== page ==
Working Towards the Development of an Online Intervention for Cyberaggression Behaviours: A Research Focus on Perpetrators’ Motivational Factors

Howman, Hannah Elizabeth (2023) Working Towards the Development of an Online Intervention for Cyberaggression Behaviours: A Research Focus on Perpetrators’ Motivational Factors. PhD thesis, University of Nottingham.

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Background: Advancements in digital technologies have seen computer-mediated communication (CMC) become an integral part of modern culture. However, the emergence of CMC coincided with the ‘online disinhibition effect’, where people engage in social interactions online, with their behavioural inhibitions lowered. This has led to people engaging in cyberaggression behaviours, including cyberbullying, cyberstalking, and trolling, where people can partake in these behaviours due to a variety of motivational factors. However, research has demonstrated conflicting views of whether cyberbullying, cyberstalking, and trolling are three distinct behaviours, or whether they can be operationalised together under the term ‘cyberaggression’.

Aims: The thesis had two aims. The first was to investigate a selection of motivational factors which could influence adult (18+ years) perpetrators’ cyberaggression behaviours. If cyberbullying, cyberstalking, and trolling had the same contributing factors, this would offer support for research studying motivational factors to operationalise the terms together as cyberaggression. However, if they had distinct contributing factors, this would suggest they should be operationalised separately to enable research to continue investigating how the same motivational factors can contribute to perpetrators’ engagement in different cyberaggression behaviours. The second aim was to develop the basis of an online intervention that could help reduce adult perpetrators’ engagement with cyberaggression behaviours. This involved identifying key features to be included in the intervention to address the motivational factors underlying these behaviours.

Research Chapters (3–7): To address these aims a variety of research was conducted. In Chapter 3 a systematic review was conducted to identify which motivational factors are being addressed in current intervention and prevention strategies. In Chapter 4 qualitative surveys using open-ended questions were conducted to explore participants’ current perceptions of cyberbullying, cyberstalking, and trolling, including how they define the behaviours and the factors they think motivate perpetrators’ engagement with these behaviours. In Chapter 5 two surveys using questionnaires were conducted to examine how a selection of motivational factors contributed to participants’ cyberaggression behaviours. In Chapter 6 text-based scenarios were used to investigate how participants’ processing of moral transgressions could influence their engagement with cyberbullying, cyberstalking, and trolling. Finally, in Chapter 7 online interviews were conducted to explore what key features people wanted to see implemented in an online intervention to combat the motivational factors discussed in the thesis.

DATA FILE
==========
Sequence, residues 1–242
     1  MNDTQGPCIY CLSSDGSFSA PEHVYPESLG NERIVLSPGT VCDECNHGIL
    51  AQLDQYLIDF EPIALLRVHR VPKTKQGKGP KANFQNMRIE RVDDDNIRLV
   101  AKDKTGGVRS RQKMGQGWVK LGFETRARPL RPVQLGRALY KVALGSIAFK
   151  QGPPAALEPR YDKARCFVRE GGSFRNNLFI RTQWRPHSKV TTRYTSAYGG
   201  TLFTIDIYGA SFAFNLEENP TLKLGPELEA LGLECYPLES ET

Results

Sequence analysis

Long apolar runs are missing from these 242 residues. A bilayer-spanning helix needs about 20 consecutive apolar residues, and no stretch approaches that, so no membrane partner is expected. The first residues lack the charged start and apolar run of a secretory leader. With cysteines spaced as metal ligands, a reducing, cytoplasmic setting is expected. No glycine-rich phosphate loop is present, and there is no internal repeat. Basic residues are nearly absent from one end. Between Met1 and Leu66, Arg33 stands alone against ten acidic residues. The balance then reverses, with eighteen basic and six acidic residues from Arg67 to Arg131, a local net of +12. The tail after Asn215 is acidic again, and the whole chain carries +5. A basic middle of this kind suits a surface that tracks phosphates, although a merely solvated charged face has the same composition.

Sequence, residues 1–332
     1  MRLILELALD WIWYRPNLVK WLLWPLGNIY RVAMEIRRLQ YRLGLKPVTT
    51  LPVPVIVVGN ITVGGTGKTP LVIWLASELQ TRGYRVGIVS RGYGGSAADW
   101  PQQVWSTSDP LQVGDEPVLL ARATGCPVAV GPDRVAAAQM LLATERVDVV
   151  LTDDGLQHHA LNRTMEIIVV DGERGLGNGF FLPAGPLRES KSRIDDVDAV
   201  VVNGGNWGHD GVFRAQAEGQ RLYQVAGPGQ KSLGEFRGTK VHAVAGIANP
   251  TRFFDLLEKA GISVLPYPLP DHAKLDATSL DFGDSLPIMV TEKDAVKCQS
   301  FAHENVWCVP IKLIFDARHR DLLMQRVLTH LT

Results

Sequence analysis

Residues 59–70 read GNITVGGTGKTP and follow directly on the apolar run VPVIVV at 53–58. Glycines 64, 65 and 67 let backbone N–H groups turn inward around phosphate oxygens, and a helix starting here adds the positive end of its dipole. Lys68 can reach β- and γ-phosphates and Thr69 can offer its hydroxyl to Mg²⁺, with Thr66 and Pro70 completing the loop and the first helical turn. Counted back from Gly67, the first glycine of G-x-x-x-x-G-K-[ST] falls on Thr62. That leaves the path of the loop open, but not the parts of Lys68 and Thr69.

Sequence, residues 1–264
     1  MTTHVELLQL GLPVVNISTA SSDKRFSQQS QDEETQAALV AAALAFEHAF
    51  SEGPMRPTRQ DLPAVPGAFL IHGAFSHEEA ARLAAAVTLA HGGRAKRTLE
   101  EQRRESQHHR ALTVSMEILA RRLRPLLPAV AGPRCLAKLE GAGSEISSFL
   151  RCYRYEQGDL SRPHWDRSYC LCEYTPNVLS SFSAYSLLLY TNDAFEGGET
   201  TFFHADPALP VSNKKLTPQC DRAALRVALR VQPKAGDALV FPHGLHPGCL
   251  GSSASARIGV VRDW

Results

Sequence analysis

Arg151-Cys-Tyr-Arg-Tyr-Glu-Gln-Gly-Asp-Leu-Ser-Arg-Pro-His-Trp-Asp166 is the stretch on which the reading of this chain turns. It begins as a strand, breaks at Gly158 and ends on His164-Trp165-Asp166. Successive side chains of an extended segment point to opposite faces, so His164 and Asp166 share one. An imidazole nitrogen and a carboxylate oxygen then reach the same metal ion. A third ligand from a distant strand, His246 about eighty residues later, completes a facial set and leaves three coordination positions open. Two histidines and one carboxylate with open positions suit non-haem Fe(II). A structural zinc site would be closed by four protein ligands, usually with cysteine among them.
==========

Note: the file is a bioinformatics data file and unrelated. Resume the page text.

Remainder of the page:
Conclusions: Findings from Chapter 4 suggested that participants perceived cyberbullying, cyberstalking, and trolling as having different motivational factors, with results from Chapter 5 and Chapter 6 demonstrating that whilst the behaviours had some mutual contributing factors, there were also factors distinct to only one or two of the behaviours. Therefore, it was recommended that research examining motivational factors should operationalise cyberbullying, cyberstalking, and trolling separately, rather than operationalising them together as cyberaggression. Regarding the online intervention, findings from Chapter 3 highlighted that the majority of intervention and prevention strategies are conducted in-person, and tend to focus on a small subset of motivational factors which can contribute to perpetrators’ cyberbullying behaviours. Thus, an online intervention was proposed where the key features included ‘Profiling’, ‘Education’, ‘Victim Impact’, ‘Mental Health Support’, and ‘Online Community’. This intervention could be tailored towards different cyberaggression behaviours, and the motivational factors influencing each user’s engagement with these behaviours. Hence, the thesis has presented an online intervention for cyberaggression which can be taken to the next stage of development.

Item Type: Thesis (University of Nottingham only) (PhD)
Supervisors: Filik, Ruth
van Heuven, Walter
Keywords: digital technologies, Cyberaggression, Cyberbullying, Cyberstalking, Trolling, online disinhibition effect
Subjects: B Philosophy. Psychology. Religion > BF Psychology
H Social sciences > HV Social pathology. Social and public welfare
Faculties/Schools: UK Campuses > Faculty of Science > School of Psychology
Item ID: 76103
Depositing User: Howman, Hannah
Date Deposited: 12 Dec 2023 04:40
Last Modified: 12 Dec 2023 04:40

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